Best Choices in Outdoor Garden Planters

Outdoor containers can be a wonderful way to add focal points throughout the garden. In many urban areas, the primary means of having a garden may be through a series of planters set up on a roof or terrace. Whatever your particular situation, it is important to choose planters that are not only beautiful, but are also built to last.

The cheapest and most popular types of outdoor planters are made out of thin plastic. While these planters are okay for a quick fix, they have a tendency to crack and break in extreme weather, so they probably will not last you for very long. They also are not generally all that attractive looking and have a tendency to look as cheap as they cost.

Another terrible, but equally inexpensive, planter choice is thin, machine-made terra cotta. These planters are also very likely to crack and break in freezing weather. If you like the look of terra cotta, a better choice is handmade terra cotta that is at least 1/2-inch to 1-inch thick. The thickness of the clay will help to prevent cracking and breakage.

Among my favorite planter materials are fiberglass, high-fired ceramics, and concrete blends. Fiberglass planters look and feel a lot like thick plastic, but they can be painted to resemble glazed ceramics or other materials to a great degree of accuracy. Fiberglass is much more durable than ordinary plastic. It won’t tend to crack or break, and it is lightweight, which makes it an excellent choice in areas where you may want to move the pots around from time to time.

High-fired ceramics are most commonly imported from Asian countries. They are made from an outdoor-ready type of clay that has been glazed and then fired to a high enough temperature to make the possibility of cracking during freezing temperatures far less likely. Not all ceramics that are available on the market today are made to go outdoors. Most garden centers will carry indoor planters on their indoor shelves, and all outdoor planters on their outdoor shelves to help the customer be able to differentiate between the two. When in doubt, always check with a salesperson or your landscaper first. The best part about ceramic planters is the sheer variety of colors available in an assortment of effects, including crackled, drip, or multi-colored glaze patterns. It’s easy to create a stunning, very elegant effect with a large ceramic pot strategically placed in a garden, with or without plants in it.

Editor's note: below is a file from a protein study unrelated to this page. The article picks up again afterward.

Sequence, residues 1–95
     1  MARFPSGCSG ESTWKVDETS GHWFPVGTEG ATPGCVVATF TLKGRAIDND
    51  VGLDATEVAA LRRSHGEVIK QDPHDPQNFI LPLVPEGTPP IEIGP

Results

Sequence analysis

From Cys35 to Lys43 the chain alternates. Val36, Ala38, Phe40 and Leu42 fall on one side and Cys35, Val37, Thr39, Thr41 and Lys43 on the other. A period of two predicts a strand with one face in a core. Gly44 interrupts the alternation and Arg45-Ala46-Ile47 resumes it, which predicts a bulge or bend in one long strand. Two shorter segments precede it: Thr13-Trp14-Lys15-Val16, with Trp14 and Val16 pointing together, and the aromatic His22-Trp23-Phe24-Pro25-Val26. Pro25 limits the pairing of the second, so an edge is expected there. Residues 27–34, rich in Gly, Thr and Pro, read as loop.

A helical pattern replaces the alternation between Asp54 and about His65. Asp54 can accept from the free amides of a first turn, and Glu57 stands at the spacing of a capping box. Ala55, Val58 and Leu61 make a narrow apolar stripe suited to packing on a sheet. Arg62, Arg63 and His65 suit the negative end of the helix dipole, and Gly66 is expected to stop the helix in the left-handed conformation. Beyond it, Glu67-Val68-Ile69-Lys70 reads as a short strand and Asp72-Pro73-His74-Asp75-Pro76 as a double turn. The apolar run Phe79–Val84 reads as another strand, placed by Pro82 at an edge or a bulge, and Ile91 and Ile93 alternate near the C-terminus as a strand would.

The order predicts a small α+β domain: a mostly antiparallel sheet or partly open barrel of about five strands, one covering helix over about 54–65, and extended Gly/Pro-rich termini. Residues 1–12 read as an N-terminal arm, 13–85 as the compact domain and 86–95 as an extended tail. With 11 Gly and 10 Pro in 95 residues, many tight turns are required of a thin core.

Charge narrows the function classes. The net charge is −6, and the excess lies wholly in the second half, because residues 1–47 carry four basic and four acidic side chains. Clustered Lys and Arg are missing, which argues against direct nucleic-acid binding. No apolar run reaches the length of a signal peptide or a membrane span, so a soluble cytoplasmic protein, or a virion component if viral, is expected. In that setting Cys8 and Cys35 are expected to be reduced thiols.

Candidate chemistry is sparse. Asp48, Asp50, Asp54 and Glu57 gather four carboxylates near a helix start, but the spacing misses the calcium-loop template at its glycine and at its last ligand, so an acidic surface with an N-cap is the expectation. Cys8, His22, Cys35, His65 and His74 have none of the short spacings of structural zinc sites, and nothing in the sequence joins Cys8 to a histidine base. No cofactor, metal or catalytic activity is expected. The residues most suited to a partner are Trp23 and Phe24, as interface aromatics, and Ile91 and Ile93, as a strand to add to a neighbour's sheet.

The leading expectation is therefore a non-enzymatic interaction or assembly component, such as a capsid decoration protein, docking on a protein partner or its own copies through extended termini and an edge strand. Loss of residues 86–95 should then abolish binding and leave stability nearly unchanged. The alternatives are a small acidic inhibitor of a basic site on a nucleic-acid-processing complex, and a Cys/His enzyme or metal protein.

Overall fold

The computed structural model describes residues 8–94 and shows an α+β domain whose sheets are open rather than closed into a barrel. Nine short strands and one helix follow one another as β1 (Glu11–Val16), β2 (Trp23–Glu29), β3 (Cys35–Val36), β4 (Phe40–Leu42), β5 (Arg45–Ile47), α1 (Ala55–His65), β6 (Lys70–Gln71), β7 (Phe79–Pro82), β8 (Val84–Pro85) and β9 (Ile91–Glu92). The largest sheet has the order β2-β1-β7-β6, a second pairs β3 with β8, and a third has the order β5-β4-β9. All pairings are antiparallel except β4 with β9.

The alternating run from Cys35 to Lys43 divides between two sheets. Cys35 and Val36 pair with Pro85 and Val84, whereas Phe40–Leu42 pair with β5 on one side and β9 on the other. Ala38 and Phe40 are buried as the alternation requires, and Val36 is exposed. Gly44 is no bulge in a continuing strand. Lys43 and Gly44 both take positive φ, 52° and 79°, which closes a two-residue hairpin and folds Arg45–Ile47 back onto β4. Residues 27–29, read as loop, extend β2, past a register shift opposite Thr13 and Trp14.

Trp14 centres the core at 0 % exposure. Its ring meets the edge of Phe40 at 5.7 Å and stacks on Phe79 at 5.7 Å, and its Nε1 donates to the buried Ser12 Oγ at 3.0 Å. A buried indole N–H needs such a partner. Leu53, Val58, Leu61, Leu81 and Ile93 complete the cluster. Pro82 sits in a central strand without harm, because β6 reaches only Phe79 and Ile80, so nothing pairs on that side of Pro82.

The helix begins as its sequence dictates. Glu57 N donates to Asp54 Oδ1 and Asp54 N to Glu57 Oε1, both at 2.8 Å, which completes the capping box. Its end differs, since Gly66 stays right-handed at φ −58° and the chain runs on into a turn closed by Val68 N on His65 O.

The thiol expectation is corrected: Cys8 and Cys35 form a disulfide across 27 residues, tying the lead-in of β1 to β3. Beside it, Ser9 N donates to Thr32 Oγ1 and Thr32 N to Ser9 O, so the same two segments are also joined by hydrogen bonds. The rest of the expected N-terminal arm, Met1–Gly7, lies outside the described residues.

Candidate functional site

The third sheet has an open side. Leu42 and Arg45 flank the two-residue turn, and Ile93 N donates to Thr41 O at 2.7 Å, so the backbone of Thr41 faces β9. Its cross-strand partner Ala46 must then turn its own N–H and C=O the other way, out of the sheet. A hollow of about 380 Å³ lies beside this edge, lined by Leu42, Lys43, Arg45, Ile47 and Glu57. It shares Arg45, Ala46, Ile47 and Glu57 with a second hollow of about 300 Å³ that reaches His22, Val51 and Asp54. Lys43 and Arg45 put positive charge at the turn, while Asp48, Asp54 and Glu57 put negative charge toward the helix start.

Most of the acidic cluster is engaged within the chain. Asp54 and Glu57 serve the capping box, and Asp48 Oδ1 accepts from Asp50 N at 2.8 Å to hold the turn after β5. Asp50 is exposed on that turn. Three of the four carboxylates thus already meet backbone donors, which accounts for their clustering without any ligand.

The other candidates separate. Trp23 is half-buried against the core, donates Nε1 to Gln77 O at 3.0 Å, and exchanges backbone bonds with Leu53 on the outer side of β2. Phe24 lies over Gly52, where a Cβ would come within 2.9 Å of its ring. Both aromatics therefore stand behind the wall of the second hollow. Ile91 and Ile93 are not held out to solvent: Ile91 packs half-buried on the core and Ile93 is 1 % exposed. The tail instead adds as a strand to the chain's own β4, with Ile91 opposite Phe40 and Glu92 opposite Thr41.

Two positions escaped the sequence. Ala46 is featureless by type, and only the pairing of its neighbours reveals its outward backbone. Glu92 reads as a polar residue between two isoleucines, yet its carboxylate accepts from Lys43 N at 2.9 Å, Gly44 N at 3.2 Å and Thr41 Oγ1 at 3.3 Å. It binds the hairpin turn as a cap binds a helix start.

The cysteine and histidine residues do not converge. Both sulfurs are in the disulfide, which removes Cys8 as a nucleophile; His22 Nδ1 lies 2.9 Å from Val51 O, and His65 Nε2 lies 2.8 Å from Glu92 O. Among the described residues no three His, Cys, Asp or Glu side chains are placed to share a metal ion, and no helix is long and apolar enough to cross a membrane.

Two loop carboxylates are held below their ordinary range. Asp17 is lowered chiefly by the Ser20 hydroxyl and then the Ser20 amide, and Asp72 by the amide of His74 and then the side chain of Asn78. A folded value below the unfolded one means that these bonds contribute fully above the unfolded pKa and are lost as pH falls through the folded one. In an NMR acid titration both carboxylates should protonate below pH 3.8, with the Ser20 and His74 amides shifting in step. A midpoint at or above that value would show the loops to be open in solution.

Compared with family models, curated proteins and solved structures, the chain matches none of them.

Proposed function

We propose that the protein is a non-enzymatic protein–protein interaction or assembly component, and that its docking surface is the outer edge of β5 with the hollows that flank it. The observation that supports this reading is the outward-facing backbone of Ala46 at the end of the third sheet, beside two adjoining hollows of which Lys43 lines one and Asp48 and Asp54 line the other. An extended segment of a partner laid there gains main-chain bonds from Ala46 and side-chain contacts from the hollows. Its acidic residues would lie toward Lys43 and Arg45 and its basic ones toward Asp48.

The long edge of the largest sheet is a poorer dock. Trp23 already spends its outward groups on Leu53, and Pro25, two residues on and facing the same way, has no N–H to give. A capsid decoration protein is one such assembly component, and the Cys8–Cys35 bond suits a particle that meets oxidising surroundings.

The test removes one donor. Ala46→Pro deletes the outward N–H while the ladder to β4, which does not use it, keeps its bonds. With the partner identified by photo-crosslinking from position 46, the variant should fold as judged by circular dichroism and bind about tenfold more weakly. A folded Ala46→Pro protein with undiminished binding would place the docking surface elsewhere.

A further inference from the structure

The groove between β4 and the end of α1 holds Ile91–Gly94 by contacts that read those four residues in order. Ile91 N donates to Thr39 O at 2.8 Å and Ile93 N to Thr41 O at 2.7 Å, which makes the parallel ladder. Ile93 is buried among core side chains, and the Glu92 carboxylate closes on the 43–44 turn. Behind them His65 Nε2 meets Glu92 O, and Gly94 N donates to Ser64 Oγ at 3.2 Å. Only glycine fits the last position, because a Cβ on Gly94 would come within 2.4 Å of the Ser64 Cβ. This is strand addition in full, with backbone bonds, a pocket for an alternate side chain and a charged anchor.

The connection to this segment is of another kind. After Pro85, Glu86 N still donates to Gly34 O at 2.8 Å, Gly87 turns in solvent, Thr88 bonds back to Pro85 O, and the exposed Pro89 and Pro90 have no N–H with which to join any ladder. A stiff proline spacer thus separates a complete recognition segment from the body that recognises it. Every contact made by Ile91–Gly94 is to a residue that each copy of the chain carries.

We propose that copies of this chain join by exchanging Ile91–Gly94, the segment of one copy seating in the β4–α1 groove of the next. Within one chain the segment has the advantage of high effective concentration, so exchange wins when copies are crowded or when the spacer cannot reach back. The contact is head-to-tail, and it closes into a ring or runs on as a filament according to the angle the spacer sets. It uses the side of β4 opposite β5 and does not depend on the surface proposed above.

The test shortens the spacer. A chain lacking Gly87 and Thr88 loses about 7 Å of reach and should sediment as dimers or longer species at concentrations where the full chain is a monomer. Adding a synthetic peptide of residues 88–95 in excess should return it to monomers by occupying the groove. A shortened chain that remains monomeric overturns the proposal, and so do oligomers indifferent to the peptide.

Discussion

Concrete blends are usually a mix of fiberglass and concrete. This combination works really well because you can create the look of stone or slate, while at the same time getting the lightweight feel of fiberglass. These planters look really great in highly geometric, very contemporary shapes and settings.

Metal planters have become a very hot item in recent years, and while I agree that they can look really sleek and modern in the right context, there are a few things you should look out for. First, make sure that the metal doesn’t appear to be too thin or it will have a tendency to dent and warp over time or as you try to move these planters around. The second thing you should look at are the welds between the pieces of metal that make up the planter. Welds that are already beginning to crack or pull apart will only continue to do so even more when you add the pressure of dirt and plants. The last thing to consider is that some metal planters will have a tendency to rust over time, so you will want to check and make sure that they have been treated with a rust-proofing of some sort before purchasing.

The last and most important thing to check any planter for before purchasing is drainage holes. If you are planning to put dirt and plants inside of them, then a drainage hole is absolutely mandatory to prevent plants from drowning and developing root rot. If your planter does not contain drainage holes, you can drill them yourself using a drill bit that is at least 1/2- to 1-inch in thickness. Smaller holes will have a tendency to get dirt clogged up in them. You will also want to line the base of your planter with 1-inch or so of pebbles or broken pottery shards to prevent all of your potting soil from escaping.


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